Entrepreneurial New Yorkers Adore Renting Their Couches to Strangers

Beyond the trend of New York City residents renting out their apartments or spare rooms or even just their couches via the website Airbnb.com, there is a new trend: New Yorkers really, really enjoy doing this. Oh how they love it.

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If you live in a city, or have traveled to a city, or have happened upon this newfangled invention known as the Internet, you've probably heard of Airbnb.com. It's a site in which apartments are listed, generally by owner, for rental in various charming locales around the world. Using the website is one way to avoid the dreaded circumstance of relatives parking themselves in your very tiny home for a week or however long they plan to stay, as we discussed recently right here on The Atlantic Wire. (You can find them an even better pad than your own—some wealthy person's Midtown pied-à-terre, or perhaps a villa in Tuscany?) But the site is also being used to rent out space within apartments—like an extra bedroom, or even a couch. And beyond the trend of New York City residents renting out their apartments or spare rooms or couches via the website, there is a new trend, as reported in the New York Post: New Yorkers really, really enjoy doing this. But really, they love it. 

"East Villager Carol Williams," writes Carrie Seim in her piece in today's Post, "was not having a good August." Everything bad that could happen did: She lost her job, her husband was only partly employed, things were looking bleak! And then, suddenly, as luck would have it, a windfall came. A visiting friend from a far-off land, possibly a fairy godmother, suggested that Williams rent out her spare room, which had recently been vacated by her oldest son, on Airbnb. Empty nest/jobless situation thus resolved, the fun was only just beginning!

Williams has now made $18,000 by renting that spot in her 3-bedroom apartment to strangers. Along with money, she's gained friendships (so hard to make in our later years!), "career connections," and even "a renewed zest for life"; her husband, a musician, has gotten a few musically inclined roommates he can jam with. A win-win-win.

Not only is this a happy human interest story, it's a recession trend. These days, “It’s just like during the Great Depression — people do whatever they can to survive,” Williams tells Seim, so you gotta do what you gotta do, you know? Like renting out a room, or your couch, or a little of that floor space that's just lying around doing nothing to earn its keep. These are the new entrepreneurs, and it's all upside—except when, perhaps, an actual roommate or spouse who lives with you doesn't like it (as with the case of Mikey Rox, who simply adores renting out his place in Harlem, though his husband isn't such a big fan). Or when you live in a 275-square-foot place that doesn't have any space to rent out to a stranger (so unfair). When the stranger in your living room stops being polite and starts getting real. Or when your apartment rental scheme is shut down because of angry other residents in your building, or because it's technically illegal. Oh yeah.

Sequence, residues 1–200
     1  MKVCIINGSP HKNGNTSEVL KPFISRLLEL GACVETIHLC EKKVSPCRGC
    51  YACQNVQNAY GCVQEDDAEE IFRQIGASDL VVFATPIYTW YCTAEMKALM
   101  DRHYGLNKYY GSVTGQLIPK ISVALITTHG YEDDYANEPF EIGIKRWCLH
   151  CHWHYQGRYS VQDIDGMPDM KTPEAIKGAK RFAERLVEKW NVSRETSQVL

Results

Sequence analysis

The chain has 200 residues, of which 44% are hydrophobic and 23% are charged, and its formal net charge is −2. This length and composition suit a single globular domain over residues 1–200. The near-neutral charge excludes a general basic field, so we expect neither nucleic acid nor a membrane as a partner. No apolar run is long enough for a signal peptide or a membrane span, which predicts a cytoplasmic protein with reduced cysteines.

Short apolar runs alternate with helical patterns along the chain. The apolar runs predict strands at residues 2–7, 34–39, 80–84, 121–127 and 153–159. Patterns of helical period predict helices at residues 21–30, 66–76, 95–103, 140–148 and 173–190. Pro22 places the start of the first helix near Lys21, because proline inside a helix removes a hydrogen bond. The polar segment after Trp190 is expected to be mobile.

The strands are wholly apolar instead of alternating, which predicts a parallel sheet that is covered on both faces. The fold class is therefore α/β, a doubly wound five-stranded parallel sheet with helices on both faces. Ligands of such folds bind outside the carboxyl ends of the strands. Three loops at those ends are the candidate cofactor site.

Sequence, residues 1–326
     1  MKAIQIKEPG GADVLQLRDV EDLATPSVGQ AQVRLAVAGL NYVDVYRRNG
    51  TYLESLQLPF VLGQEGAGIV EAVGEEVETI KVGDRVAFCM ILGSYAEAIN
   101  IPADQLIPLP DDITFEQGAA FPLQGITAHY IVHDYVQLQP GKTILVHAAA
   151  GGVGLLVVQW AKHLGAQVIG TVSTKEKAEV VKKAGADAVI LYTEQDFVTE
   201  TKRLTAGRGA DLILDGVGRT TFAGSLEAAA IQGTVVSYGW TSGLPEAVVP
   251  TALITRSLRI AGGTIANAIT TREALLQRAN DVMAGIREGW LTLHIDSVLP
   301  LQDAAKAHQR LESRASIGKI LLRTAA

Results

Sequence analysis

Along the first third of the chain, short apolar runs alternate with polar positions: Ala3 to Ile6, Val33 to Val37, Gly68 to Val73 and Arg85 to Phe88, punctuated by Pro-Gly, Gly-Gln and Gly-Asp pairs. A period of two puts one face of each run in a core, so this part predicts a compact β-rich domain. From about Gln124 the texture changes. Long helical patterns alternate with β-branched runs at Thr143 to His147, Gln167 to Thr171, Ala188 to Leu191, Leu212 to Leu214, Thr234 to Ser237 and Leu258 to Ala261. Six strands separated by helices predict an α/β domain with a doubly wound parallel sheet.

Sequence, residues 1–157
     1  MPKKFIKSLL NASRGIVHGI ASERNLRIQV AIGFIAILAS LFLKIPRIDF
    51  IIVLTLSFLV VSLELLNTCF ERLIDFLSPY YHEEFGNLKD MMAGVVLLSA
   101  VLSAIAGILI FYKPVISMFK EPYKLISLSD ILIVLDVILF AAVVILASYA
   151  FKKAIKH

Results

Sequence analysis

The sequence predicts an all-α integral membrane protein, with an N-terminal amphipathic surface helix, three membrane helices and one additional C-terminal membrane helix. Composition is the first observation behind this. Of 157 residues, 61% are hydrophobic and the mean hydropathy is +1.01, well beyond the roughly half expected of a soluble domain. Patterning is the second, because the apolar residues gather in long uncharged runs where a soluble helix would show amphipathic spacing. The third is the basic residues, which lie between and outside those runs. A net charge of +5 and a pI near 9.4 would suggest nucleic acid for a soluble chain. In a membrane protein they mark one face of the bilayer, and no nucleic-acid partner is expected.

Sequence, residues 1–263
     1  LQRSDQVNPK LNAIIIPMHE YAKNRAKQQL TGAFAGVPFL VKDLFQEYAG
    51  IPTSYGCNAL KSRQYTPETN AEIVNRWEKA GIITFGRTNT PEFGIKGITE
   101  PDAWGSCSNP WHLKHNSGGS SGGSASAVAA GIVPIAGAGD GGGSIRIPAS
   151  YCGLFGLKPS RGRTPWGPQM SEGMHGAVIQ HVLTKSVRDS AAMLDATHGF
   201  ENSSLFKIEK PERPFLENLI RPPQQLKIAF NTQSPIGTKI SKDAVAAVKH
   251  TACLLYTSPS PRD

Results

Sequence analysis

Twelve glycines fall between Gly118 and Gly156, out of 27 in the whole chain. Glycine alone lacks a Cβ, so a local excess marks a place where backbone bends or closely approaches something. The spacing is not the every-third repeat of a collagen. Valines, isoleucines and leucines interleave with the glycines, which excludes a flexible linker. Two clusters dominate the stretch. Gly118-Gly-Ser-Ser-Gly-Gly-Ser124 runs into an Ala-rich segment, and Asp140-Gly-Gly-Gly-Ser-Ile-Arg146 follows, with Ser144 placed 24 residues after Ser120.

As for that law ... a New York City law passed in May 2011 "prohibits most NYC renters from temporarily subletting their rooms." Enforcement of this law is sporadic at best, but it does exist. If you own, you might get around it if you pay taxes on what you earn by renting, as does Seth Porges, who tells Seim, "I feel safer with Airbnb guests than with a pizza delivery [guy] knocking on my door." Which is good, because the website's erstwhile reputation for guests leaving trashed houses and their meth pipes was a bit of a buzzkill.

Anyway, nobody tell Mayor Bloomberg about any of this, OK? It's all too much fun.

Image via Shutterstock by Stanislav Komogorov.

This article is from the archive of our partner The Wire.